Save horses by better regulating use of performance enhancing drugs | COMMENTARY

Thank you for supporting our journalism. This article is available exclusively for our subscribers, who help fund our work at The Baltimore Sun.

Swiss Skydiver wins the 2020 Preakness Stakes at Pimlico Race Course, edging out #9 Authentic. Baltimore Sun Staff Kenneth K. Lam

As the former CEO of Pimlico and Laurel racetracks in Maryland and the current chairman of The Humane Society of the United States' National Horse Racing Advisory Council, what happens in horse racing and to horses is an extremely important issue to me.

In recent years, racing has witnessed equine injuries that are tied to performance-enhancing and misused therapeutic drugs. Some incidents are the result of money and greed, but most highlight that a weak and fractured state-by-state regulatory system is incapable of monitoring and regulating a $40 billion a year economic powerhouse.


This March, the FBI arrested 27 people for equine drug violations. In unveiling the indictments, Manhattan U.S. Attorney Geoffrey S. Berman said, “These defendants engaged in this conduct not for the love of the sport, and certainly not out of concern for the horses … The care and respect due to the animals competing, as well as the integrity of racing, are matters of deep concern.”

Federal legislation would regulate the industry and prevent the unnecessary death of horses. Enacting this legislation to reform horse racing and protect the equine and human athletes that form the foundation of the sport and business has strong support from an incredibly broad coalition of industry participants and beyond. Those that support reform include major racetrack operators such as The Stronach Group, Churchill Downs Inc., the New York Racing Association, and Keeneland Association Inc.; major industry organizations such as The Jockey Club and Breeders' Cup Ltd; thousands of individual horse owners and breeders represented by organizations such as the Water, Hay, Oats Alliance and the Thoroughbred Owners and Breeders Association; and major animal welfare organizations such as The Humane Society of the U.S. and Animal Wellness Action.


The Horseracing Integrity and Safety Act has been moving through Congress with overwhelmingly bipartisan support and has 261 Democrat and Republican co-sponsors in the U.S. House. On Sept. 29, the House showed just how universal support is for reform by passing the HISA with a unanimous voice vote.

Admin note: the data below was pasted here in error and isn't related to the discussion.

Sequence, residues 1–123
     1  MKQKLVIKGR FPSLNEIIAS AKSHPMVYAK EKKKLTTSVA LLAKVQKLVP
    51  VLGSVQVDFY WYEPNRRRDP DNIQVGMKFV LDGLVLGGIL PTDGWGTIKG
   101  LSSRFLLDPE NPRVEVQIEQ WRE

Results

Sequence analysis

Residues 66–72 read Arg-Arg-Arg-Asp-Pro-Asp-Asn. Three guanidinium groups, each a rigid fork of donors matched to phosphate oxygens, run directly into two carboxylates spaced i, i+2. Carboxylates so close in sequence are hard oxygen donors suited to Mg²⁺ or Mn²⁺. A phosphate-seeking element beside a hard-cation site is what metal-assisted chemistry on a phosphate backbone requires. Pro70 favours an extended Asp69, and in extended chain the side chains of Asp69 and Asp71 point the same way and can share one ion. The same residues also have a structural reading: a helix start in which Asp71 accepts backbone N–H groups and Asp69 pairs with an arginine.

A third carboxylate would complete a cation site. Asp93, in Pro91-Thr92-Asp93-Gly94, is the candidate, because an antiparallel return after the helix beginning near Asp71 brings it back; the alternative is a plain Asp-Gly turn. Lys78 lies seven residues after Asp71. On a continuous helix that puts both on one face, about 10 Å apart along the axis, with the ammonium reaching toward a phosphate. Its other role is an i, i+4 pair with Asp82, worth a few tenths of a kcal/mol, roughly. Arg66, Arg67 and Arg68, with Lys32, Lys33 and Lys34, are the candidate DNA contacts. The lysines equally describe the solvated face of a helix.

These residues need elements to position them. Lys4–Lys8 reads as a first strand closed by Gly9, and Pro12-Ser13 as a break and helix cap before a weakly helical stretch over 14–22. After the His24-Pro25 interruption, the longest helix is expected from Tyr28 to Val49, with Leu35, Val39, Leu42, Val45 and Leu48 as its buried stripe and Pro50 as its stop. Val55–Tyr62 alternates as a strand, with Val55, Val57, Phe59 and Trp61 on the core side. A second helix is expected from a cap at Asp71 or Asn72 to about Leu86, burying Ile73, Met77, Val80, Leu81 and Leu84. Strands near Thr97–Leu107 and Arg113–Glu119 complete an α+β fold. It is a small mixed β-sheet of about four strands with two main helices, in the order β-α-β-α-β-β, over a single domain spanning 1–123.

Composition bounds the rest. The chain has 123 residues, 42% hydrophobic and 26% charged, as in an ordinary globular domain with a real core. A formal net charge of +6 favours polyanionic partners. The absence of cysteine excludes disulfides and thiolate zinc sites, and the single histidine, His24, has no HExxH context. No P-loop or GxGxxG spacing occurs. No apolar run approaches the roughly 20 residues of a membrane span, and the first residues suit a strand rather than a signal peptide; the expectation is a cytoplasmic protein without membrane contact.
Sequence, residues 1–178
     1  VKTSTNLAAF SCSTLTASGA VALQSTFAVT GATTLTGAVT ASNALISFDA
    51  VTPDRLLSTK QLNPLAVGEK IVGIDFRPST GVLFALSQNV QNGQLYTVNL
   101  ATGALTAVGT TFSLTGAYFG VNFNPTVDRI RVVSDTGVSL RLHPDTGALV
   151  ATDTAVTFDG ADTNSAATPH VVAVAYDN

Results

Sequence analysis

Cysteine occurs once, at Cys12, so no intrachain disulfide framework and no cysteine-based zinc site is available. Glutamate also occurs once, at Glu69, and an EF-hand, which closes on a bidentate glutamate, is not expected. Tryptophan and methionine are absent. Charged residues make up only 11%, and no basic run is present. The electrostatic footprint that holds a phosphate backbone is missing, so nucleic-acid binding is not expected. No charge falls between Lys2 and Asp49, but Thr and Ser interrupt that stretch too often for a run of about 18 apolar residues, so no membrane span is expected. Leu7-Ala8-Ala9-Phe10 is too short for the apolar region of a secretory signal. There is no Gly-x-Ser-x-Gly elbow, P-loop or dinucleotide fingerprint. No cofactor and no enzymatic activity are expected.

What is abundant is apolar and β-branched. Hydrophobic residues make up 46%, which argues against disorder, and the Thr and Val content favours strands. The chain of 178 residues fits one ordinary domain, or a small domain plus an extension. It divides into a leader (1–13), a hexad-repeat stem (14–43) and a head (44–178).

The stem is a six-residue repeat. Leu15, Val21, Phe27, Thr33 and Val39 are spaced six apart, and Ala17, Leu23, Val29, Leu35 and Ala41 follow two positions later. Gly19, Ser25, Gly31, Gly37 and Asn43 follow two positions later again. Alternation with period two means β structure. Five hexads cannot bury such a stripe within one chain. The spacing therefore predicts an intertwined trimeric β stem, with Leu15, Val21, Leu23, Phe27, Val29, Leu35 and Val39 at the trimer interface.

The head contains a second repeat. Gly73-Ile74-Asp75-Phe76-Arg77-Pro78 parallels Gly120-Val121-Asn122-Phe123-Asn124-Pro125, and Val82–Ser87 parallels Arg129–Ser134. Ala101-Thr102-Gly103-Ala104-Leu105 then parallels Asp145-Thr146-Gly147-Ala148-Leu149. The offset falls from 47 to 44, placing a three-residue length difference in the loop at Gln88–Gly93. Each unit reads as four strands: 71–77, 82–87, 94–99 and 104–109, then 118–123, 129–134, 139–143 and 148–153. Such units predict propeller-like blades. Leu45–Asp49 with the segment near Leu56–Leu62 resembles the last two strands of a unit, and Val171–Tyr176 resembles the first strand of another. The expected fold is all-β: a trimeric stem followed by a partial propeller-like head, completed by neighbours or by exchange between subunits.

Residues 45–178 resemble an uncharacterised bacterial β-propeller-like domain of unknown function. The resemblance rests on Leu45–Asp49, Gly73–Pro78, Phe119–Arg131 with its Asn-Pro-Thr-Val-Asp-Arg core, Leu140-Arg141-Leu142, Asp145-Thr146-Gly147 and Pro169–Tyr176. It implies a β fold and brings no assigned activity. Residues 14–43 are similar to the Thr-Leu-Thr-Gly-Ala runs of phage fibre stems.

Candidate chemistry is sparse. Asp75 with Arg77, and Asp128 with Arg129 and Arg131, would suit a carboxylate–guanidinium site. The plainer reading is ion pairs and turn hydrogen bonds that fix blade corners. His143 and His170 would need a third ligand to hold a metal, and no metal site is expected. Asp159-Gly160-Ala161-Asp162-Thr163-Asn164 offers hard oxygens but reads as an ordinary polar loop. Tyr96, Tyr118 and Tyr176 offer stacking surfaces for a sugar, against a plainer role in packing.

Now it is the Senate’s turn to act, and the bill also has strong bipartisan support there. The Senate bill was introduced by U.S. Senate Majority Leader Mitch McConnell, a Kentucky Republican, along with Sens. Kirsten Gillibrand, a New York Democrat, Martha McSally, a Republican from Arizona, and Dianne Feinstein, a California Democrat.

The HISA will create a uniform, national structure to regulate medication and safety that will replace the current disjointed state-by-state system, in which each of the 38 states that allows wagering on horse racing has its own set of rules and regulations, and its own oversight body. A critically important part of this new national structure will be the United States Anti-Doping Agency (USADA), which currently oversees drug testing and medication policy for the U.S. Olympic teams and other sports and is universally acknowledged as the greatest repository of scientific expertise on the planet regarding the impacts of drugs and medications on athletic performance and health.

USADA will enforce unified anti-doping protocols with rigorous testing, both on race day and out of competition. USADA will work under a new nongovernmental regulatory authority that will set clear, universal standards and bring unprecedented transparency to horse racing. The ability of bad actors to game the system and avoid detection will evaporate.

This year has seen sharp divisions in America, and some believe that the government can’t meet the pressing needs of our nation. But many good things are happening, and bipartisan legislation that will improve the health, safety and welfare of racehorses and the jockeys who ride them is one important example. The U.S. Senate should join the House in unanimously passing the HISA.

Joe De Francis ( was CEO of the Maryland Jockey Club from 1989 to 2007 and is chairman of The Humane Society of the United States' National Horse Racing Advisory Council.